First, a warning: the smallest ­summary of Nitin Sawhney's artistic achievements reads like a sobering rebuke to even the most ambitious of high flyers. A comprehensive list would fill this entire page, but among the edited highlights are prize-winning albums, Hollywood film scores, orchestral pieces and computer-game soundtracks. In his relatively short career, ­Sawhney has also ­collaborated with dozens of world-class ­artists including the sculptors Anish ­Kapoor and ­Antony Gormley, the choreographer Akram Khan, the rai singer Cheb Mami, the ­London Symphony Orchestra and the former Beatle Paul McCartney. As well as being a multi-instrumentalist, club DJ, remixer and ­producer, Sawhney has earned honorary degrees for his music and awards for his community-education work. Since launching his solo recording career in 1993, the 44-year-old British Asian has also found time to develop ­fruitful ­sidelines as a comedian, ­film-­festival patron, newspaper columnist and political activist. Two weeks ago, he played at the BBC's Electric Proms concert series in London before taking his band on tour. Sawhney's latest album, London Undersound, was conceived as a ­musical panorama of the city he calls home. A rich patchwork of ­diverse sounds and styles, it bursts with beauty and vitality, but also anger and anxiety. On the opening track, Days Of Fire, the guest ­vocalist Natty reflects on the aftermath of the July 7 bombings which rocked ­London in 2005, killing 52 people, and the ­police shooting two weeks later of Jean Charles de Menezes, the ­Brazilian electrician mistaken for a terrorist. "London has become a much more uncertain and insecure place," Sawhney explains. "A lot of civil ­liberties have been curtailed. But the whole album is just about different human stories. It's a kind of microcosm of diversity, with a certain flow, an underlying feeling to it, the same way that London has itself." Sawhney likens his role on the ­album to that of a film director, corralling an impressive cast of collaborators including Anoushka Shankar, the daughter of the sitar virtuoso Ravi, and Barcelona's rowdy flamenco-punk collective Ojos de Brujo. Paul McCartney also guests on the album, crooning a tender and rueful ballad called My Soul. The Liverpool legend has worked with Sawhney before, on his dance-pop collective project The Fireman, and his ­presence on London Undersound is pleasingly unshowy: not a self-­conscious superstar cameo but woven into the free-flowing, ­egalitarian mix. "I've known Paul for a long time and he's always been really ­supportive," says Sawhney. "He's a great person who's seen a lot in his life, and I just thought it would be ­interesting to get his perspective. It's a very ­human performance, a ­really vulnerable performance. He's very open, he doesn't get precious about things. We just chucked ideas between us." My Soul was recorded just as ­McCartney was going through his bitter and extremely public ­divorce from Heather Mills, and it opens with a ­snippet of speech in which the ex-Beatle ­reflects on the pains of ­being ­pursued by paparazzi photographers. "I said I wanted to hear something he felt strongly about, in London," Sawhney recalls. "What I liked was it fits in very well with the concept of the album, because it's a metaphor for freedom and feeling watched, and feeling that your identity and your soul is being taken away. That's one of the themes of the album, so it works on this microcosmic level." In interviews, Sawhney has a reputation for sombre attitude and heavy subject matter. Which is strange, since he began his stage career in comedy, forming a double act called the Secret Asians with his university friend Sanjeev Bhaskar. Both later joined the cast of the ­celebrated British-Asian ­comedy Goodness Gracious Me on BBC ­radio, but Sawhney pulled out just as the show transferred to television, launching Bhaskar to international renown. "I did comedy with Sanj for quite a few years," Sawhney recalls. "Then I was a writer and actor on the radio series for two years, and I did the TV pilot, but I left three days before they did the full series. It was good fun but I decided I ­really didn't want to get known for that, because I saw how big it was going to be. To be honest, I thought it was going to be more of a cool ­little side project." Sawhney claims that he has little time for a private life, and it comes as no surprise that he ­describes his relationship status as single. The secret of his prolific work rate, he claims, is a competent team of helpers, plus a keen interest in Hindu philosophy and quantum physics. "It's all about finding interesting ways of getting into a flow of ­consciousness," he explains. "That really helps me in terms of putting ideas together in a ­cohesive way. There are a lot of quantum ­physicists who were interested in Eastern ­philosophy. The impact of those ­ideas dates back ­thousands of years, but there is also a lot of Arabic influence, which is rarely acknowledged. Early scientists like Ibn al Haytham, a Persian ­mathematician, who­ ­was born in in 965AD and ­actually came up with two of ­Newton's laws of motion." Sawhney is clearly a deep thinker and a political animal. A critic of ­intervention in Iraq and the ongoing "war on terror", he has composed scores for a play about Fallujah and a forthcoming film about the shooting of Jean Charles de Menezes. He also expresses alarm at the UK prime minister Gordon Brown's proposed "testing" of ­citizens for Britishness and the ­recent election of the new right-wing London mayor Boris Johnson, a man who once referred to Africans as "piccaninnies" with "watermelon smiles." His own family background may be Hindu, but Sawhney is acutely aware of the anti-Muslim, anti-Arab and anti-Asian feeling stirred up by cynical politicians in the wake of September 11 and July 7. He quotes the veteran US left-wing academic Noam Chomsky's theory that both the British and American ­governments are exploiting a climate of fear to justify strict new anti-terror laws which ­allow ­unprecedented levels of ­surveillance and control over their own citizens. "It's used as an excuse for fear and religious intolerance," ­Sawhney nods. "More than anything, it's about political opportunism and the curtailing of civil liberties. It completely undermines the rule of law. But what I wanted to do with London Undersound was just present an album of ­feelings, not add to that already oversaturated argument." In fact, Sawhney himself is a great advert for multiculturalism. Born and raised in a mostly white ­corner of Kent, he routinely ­encountered racism in the street and the classroom, but his home life was a globalised feast of ­music and art. His research chemist ­father, Anandeshwar, was a fan of ­flamenco and jazz. His mother, ­Saroj, a schoolteacher and a trained Indian classical dancer. The youngest of three brothers, Sawhney grew up playing Bach and Chopin at home, and sitar and tabla at the local Sikh temple. He began improvising on the piano at five, joining a jazz band while still in his teenage years. Such precocious dynamism may help explain why he is now the most visible and successful British-Asian composer in the world. But Sawhney still ­worries about becoming a "bottleneck artist" whose high profile somehow deflects attention from other musicians with ethnic-minority backgrounds. "To be honest, I think there is a ­degree of tokenism in how Asians are perceived," he says. "I'm very lucky that I'm getting a platform for this album and playing at the BBC Eclectic Proms, but it makes me sad there aren't other artists out there getting that kind of attention, or having that history of support from the music industry. Ten years ago, there were more." Despite Britain's much-trumpeted multicultural music scene, ­Sawhney claims that record companies and retailers still practise subtle forms of institutional racism. Even after his 1999 album Beyond Skin made the shortlist for the ­prestigious Mercury Music Prize, he was shocked when he went ­incognito to search for it at a major London record store. While all his fellow Mercury contenders were ­displayed together, regardless of genre, his album was ­relegated to the "world music" ghetto - a ­narrow, condescending, colonialist term. Sawhney may sound angry and even despairing in interviews, but his music is mostly a mellifluous and uplifting fusion. ­Whatever its political context, London Undersound is ultimately an album to soothe the social and cultural tensions of recent years. "The album is cathartic," Sawhney nods. "In fact, all my albums are primarily responses to what I'm seeing and feeling at the time. Music has a therapeutic power, it has the ­ability to get things out of your ­system, to focus your feelings and emotions about what's going on. I'm just talking about what I feel, I'm not trying to tell anyone what to think."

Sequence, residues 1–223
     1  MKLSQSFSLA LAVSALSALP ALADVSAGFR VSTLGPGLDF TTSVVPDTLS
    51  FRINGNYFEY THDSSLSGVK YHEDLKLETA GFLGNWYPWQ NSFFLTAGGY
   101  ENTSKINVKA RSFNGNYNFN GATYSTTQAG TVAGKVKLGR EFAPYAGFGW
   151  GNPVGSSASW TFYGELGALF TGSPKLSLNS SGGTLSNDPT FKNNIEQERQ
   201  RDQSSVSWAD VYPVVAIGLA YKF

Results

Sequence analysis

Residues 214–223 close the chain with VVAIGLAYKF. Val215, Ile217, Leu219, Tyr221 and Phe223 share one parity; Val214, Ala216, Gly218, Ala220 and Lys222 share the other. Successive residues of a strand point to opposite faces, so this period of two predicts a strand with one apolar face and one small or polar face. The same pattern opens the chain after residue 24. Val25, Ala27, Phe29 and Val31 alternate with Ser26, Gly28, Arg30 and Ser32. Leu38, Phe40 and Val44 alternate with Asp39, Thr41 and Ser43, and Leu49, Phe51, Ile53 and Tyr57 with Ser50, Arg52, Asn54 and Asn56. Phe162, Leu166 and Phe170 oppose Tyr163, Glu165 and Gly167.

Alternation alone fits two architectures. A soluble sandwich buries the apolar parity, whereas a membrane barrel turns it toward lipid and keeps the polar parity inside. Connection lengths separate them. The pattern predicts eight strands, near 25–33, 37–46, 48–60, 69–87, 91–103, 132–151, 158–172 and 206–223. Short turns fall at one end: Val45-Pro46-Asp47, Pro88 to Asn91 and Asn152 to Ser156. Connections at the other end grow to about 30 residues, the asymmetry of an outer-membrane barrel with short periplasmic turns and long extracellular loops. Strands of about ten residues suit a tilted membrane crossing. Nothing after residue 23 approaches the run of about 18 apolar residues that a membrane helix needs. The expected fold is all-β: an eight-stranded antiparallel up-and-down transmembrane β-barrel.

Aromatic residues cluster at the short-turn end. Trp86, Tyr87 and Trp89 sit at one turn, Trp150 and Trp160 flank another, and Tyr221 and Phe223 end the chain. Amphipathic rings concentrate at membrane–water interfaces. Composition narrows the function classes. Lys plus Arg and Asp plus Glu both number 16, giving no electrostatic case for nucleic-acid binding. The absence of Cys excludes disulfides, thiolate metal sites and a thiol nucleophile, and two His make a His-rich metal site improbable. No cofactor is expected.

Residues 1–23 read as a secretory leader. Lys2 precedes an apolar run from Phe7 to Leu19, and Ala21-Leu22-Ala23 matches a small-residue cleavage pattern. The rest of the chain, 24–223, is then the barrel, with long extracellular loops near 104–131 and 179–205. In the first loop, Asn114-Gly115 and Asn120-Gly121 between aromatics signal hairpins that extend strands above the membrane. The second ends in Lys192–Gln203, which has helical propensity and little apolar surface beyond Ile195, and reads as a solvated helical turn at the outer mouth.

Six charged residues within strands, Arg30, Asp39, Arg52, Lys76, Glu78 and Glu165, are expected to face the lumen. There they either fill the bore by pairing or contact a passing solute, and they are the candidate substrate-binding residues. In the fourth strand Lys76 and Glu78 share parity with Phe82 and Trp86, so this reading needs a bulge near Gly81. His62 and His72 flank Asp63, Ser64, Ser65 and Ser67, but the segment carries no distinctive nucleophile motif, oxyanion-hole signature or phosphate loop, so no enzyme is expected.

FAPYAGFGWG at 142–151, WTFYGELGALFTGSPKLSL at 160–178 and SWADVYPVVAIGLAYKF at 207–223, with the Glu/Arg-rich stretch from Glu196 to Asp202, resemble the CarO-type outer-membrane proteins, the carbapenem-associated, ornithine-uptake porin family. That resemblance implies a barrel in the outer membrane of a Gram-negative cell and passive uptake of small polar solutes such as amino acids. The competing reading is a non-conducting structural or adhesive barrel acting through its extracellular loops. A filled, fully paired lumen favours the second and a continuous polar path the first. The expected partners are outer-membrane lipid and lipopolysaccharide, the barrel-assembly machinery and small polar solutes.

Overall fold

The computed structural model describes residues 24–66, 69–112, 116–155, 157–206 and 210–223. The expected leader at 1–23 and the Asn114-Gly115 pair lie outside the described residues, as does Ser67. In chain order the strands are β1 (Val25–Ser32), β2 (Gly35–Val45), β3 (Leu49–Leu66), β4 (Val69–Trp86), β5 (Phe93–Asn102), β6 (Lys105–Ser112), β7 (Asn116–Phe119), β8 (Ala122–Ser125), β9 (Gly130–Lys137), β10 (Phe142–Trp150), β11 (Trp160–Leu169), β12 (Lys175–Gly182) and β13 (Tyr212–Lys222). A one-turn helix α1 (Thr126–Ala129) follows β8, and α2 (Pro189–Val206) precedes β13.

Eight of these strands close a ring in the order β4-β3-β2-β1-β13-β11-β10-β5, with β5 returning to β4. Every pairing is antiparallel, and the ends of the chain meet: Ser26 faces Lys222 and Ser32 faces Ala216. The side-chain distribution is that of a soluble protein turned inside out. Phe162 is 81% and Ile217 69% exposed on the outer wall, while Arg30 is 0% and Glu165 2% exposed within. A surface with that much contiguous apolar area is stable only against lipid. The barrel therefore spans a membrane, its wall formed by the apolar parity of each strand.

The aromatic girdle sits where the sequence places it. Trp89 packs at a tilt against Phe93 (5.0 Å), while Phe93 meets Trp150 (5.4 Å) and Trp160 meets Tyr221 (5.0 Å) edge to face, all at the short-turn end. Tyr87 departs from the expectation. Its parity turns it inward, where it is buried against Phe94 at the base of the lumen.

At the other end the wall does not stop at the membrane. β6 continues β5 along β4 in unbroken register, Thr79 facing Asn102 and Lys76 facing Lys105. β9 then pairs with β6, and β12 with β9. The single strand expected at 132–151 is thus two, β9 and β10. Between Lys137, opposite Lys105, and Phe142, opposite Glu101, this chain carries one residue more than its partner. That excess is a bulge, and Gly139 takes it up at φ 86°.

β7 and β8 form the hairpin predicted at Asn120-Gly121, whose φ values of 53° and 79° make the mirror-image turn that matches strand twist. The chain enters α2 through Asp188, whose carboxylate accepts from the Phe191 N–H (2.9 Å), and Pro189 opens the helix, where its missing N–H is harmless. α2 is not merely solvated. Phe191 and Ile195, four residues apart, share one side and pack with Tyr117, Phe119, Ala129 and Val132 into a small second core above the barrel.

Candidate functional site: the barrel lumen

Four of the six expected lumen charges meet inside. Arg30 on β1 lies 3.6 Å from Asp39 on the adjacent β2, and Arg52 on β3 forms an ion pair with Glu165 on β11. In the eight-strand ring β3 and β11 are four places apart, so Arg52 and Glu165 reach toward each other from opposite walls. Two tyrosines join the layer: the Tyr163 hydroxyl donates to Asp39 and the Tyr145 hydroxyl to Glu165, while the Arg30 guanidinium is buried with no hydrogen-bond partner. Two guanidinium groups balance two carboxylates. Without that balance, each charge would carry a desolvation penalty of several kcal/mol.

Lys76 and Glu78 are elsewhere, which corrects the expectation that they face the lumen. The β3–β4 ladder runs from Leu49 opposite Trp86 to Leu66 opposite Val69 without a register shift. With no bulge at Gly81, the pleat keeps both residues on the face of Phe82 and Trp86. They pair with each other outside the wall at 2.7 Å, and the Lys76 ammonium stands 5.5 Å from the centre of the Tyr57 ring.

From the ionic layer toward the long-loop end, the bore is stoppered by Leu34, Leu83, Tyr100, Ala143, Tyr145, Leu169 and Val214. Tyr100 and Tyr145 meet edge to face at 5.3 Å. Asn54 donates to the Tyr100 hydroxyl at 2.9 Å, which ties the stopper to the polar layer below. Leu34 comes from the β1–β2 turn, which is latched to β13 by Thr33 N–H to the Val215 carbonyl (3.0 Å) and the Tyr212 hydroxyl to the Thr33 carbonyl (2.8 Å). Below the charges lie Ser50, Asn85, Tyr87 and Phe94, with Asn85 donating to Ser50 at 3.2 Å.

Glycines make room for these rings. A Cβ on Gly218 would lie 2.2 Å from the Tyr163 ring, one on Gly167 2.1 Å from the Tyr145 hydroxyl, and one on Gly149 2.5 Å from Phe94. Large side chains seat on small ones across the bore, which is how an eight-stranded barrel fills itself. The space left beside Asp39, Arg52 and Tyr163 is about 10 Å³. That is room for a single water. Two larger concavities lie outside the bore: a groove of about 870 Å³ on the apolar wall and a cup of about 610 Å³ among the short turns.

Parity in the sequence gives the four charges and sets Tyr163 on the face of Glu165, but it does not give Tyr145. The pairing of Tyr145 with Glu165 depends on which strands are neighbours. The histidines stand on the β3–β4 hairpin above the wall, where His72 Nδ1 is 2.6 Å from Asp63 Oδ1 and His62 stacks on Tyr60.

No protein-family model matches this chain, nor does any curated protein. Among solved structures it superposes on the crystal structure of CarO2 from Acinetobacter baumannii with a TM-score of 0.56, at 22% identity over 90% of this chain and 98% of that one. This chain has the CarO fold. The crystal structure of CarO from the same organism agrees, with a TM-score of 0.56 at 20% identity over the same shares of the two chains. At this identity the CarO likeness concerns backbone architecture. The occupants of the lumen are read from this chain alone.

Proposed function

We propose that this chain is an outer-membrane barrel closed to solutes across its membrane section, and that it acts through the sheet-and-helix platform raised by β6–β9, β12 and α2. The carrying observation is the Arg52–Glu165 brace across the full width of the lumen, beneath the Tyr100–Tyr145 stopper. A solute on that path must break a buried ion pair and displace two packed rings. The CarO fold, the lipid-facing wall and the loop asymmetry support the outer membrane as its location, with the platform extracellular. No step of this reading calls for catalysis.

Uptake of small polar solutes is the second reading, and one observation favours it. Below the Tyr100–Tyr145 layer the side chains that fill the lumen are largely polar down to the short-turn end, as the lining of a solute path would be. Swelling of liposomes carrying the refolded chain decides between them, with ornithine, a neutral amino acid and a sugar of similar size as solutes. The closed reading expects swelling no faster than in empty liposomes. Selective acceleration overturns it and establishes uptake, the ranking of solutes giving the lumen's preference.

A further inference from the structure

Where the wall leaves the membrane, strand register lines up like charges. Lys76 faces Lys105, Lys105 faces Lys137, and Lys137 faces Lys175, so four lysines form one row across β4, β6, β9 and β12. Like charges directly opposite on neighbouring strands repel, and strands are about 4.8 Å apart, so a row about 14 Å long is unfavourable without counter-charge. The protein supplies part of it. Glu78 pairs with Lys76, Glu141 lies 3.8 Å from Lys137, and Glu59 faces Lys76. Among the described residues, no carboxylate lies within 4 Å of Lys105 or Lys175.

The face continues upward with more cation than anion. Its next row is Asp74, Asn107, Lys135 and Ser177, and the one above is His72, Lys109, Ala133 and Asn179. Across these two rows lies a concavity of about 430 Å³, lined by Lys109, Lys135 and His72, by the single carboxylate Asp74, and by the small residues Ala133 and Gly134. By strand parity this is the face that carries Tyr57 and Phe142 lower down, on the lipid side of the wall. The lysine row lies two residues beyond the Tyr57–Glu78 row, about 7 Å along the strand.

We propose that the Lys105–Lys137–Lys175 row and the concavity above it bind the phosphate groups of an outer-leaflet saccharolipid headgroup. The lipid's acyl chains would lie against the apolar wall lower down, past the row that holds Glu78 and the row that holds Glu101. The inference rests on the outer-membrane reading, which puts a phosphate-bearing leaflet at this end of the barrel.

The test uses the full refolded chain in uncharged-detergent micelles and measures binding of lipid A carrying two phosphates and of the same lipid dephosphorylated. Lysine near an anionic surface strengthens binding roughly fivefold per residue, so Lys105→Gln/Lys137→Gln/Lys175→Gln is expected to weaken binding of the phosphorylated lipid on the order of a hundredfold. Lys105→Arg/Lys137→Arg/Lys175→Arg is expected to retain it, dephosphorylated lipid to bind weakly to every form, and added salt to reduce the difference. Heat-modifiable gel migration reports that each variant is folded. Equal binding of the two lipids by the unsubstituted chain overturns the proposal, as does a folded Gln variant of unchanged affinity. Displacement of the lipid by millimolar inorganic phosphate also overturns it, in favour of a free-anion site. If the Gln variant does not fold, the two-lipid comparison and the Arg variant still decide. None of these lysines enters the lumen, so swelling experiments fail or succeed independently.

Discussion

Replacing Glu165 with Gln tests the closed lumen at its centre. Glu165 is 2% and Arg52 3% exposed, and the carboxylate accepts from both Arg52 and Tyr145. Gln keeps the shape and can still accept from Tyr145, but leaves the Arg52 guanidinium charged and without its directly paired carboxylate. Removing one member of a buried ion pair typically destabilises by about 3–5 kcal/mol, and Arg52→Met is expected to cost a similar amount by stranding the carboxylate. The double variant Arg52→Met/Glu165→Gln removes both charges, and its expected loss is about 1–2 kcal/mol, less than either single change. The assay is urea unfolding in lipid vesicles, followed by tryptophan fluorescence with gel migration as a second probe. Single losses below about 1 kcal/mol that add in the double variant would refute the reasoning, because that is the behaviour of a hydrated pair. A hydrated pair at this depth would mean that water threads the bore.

London Undersound is out now on Cooking Vinyl.